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    water is better than virtually any other non-ultra-exotic material in terms of how many BTUs it will store per unit of volume. to get better than that you have to get into some really exotic stuff like phase change materials- which won't be an easy thing to integrate in/ with your existing system
  9. Dave T

    Dave T New Member

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    Nofossil had some interesting things to say when I mentioned oil filled EKO,search oil filled EKO? Dave
  10. Nofossil

    Nofossil Moderator Emeritus

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    ..As opposed to the rest of the time? ;-)

    I probably made some smart-alec comment along these lines:

    If water were an exotic material developed by NASA that cost $10 per gallon and was only available for local pickup in Nevada, we'd be clamoring for it and figuring out how to put together group buys. It's only because it's so commonplace that we don't give it the credit it deserves. As mentioned in a previous post, there is essentially no other fluid known to man that does a better job than water of storing and transporting heat. It has an enormously high heat capacity and a low viscosity. The boiling and freezing points are easy to work around, and in the bargain, it's non-toxic, non-flammable, and reasonably non-corrosive.

    Ammonia is the ONLY fluid I'm aware of that has a higher specific heat. Most other fluids store half as much heat as water. or less. I don't know of any solid that stores as much heat per pound, and most don't store as much per cubic foot, either.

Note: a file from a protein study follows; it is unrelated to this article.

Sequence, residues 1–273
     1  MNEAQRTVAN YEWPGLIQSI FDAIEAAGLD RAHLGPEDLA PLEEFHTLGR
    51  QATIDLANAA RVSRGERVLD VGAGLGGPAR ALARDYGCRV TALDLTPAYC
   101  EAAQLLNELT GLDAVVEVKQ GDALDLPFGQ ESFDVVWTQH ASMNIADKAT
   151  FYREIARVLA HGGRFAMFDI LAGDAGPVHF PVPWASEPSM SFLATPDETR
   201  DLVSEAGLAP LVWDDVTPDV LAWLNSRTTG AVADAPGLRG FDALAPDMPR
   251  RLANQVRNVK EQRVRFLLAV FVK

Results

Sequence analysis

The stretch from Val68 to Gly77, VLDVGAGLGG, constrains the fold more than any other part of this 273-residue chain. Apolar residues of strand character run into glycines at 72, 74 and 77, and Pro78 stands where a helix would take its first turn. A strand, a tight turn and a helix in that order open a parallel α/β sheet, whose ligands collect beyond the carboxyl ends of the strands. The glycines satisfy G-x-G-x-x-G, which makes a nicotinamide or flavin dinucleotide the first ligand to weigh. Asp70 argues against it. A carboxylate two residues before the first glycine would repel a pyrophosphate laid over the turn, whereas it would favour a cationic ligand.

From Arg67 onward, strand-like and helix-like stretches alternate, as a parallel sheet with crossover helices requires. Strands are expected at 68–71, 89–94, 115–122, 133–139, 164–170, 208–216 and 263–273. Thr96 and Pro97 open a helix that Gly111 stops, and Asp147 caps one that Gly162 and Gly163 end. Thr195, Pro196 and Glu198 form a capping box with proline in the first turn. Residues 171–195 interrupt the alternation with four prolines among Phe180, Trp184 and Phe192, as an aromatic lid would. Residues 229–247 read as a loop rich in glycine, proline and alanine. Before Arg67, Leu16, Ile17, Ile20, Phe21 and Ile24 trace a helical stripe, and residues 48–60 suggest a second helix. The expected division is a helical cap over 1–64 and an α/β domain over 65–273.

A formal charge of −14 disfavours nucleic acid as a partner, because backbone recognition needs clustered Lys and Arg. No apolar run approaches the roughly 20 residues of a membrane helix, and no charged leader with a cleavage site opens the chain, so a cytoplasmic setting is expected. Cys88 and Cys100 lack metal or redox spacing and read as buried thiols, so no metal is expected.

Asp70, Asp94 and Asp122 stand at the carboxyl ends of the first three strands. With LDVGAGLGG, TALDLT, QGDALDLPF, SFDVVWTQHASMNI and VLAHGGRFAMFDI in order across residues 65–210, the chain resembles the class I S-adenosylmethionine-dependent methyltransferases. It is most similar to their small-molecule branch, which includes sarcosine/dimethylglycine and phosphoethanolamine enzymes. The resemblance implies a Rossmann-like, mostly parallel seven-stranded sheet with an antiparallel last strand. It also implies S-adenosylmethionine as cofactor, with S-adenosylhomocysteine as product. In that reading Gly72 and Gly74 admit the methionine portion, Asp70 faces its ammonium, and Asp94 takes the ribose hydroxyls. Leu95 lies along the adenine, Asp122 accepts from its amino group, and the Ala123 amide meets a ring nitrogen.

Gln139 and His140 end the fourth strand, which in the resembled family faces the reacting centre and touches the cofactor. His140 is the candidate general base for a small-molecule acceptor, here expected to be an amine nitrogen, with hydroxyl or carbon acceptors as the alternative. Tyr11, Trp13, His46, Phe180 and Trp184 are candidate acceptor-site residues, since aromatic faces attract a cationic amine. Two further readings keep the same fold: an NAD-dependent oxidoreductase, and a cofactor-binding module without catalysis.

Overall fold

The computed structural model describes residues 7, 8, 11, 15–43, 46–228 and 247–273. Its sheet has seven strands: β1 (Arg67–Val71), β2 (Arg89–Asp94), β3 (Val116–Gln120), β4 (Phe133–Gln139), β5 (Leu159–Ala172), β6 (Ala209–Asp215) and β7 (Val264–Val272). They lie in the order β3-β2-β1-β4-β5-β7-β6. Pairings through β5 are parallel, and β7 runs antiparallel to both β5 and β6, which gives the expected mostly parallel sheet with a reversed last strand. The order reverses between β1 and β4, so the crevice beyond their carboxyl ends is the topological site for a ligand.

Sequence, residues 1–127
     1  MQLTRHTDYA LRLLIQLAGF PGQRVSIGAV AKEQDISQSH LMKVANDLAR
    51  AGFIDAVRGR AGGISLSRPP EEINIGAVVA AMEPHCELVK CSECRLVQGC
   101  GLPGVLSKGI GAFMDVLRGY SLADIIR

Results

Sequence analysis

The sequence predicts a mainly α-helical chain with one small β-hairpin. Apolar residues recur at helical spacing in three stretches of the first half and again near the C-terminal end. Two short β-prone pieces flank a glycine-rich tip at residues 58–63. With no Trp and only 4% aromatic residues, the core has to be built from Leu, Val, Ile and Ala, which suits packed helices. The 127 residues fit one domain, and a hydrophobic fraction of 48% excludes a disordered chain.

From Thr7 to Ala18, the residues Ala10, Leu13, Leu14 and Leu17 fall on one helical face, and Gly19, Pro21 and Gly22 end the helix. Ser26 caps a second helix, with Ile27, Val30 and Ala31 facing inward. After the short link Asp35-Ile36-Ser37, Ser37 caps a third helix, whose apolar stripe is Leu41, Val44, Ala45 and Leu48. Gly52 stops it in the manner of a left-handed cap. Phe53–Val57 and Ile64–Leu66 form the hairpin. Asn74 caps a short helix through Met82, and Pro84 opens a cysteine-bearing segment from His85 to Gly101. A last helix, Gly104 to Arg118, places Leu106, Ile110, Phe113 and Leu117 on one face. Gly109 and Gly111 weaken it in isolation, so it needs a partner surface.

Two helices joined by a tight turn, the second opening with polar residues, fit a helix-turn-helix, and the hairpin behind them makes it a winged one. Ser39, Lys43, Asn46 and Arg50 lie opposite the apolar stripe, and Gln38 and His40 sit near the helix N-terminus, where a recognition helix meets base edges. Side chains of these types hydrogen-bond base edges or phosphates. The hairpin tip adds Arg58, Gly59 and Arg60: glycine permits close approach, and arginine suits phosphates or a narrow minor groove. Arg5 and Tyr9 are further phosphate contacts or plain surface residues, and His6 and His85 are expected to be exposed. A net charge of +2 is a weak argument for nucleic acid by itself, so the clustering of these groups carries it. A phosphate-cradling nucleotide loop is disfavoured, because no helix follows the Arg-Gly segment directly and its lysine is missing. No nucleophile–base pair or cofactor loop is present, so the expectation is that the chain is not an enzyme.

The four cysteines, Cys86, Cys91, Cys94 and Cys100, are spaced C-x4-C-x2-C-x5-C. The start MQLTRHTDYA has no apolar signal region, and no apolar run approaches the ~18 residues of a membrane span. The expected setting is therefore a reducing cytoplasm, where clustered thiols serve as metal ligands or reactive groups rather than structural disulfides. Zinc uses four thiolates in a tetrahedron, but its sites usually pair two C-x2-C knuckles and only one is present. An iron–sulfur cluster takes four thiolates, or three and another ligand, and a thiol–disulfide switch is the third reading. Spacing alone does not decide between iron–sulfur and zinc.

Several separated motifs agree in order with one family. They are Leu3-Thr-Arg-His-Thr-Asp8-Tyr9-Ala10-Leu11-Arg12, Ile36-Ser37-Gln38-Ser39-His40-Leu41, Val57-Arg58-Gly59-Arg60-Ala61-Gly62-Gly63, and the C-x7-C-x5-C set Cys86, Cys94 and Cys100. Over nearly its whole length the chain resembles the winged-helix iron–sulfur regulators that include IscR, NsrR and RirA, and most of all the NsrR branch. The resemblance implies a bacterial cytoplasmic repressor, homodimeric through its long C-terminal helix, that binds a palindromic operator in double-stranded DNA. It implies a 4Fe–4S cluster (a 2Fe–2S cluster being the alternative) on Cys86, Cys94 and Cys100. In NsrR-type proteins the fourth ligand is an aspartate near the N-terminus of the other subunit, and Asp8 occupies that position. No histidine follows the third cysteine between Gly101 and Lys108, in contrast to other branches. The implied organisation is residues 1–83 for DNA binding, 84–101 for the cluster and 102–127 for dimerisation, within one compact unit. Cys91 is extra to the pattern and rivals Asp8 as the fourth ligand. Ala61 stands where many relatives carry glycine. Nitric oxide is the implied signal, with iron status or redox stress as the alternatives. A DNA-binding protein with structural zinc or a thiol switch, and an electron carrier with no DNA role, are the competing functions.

11. pybyr

    pybyr Minister of Fire

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    190 degree F ammonia is such a bummer when it gets loose in your house, too... has this nasty habit of killing things :)

    but, beware the hidden hazards of water, too:
    http://www.dhmo.org
    :)
  12. Nofossil

    Nofossil Moderator Emeritus

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    Makes it a lot easier to find leaks, tho......
  13. Fred61

    Fred61 Minister of Fire

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    You guys are all correct in stating that water has the highest specific heat of any material with the exception of phase change materials and I had been hoping that NOFOSSIL would chime in since he has proven to me in passed discussions to have an analytical mind. However the discussions have migrated to the ability of a medium to store heat.

    I was looking forward to more discussion on heat transfer from the contributors to this site that have impressed me with their logic.

    When I was applying nickel-cobalt plating to hard drive media, a wetting agent (surfactant) was needed to in order to allow the plating bath to make better contact with the base material. When I spied the bottle of heat transfer fluid in the auto store it jogged my memory and my imagination and it made sense in my mind that the thinner you can make the boundry layer, the better heat transfer is possible i.e. the reference in the post above to "Engine Ice".
  14. leaddog

    leaddog Minister of Fire